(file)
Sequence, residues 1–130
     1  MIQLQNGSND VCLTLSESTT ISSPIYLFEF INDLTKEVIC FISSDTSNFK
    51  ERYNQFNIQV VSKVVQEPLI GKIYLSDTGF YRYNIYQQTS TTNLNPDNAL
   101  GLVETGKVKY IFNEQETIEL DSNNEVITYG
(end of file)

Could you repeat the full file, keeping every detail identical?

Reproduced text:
Sequence, residues 1–130
     1  MIQLQNGSND VCLTLSESTT ISSPIYLFEF INDLTKEVIC FISSDTSNFK
    51  ERYNQFNIQV VSKVVQEPLI GKIYLSDTGF YRYNIYQQTS TTNLNPDNAL
   101  GLVETGKVKY IFNEQETIEL DSNNEVITYG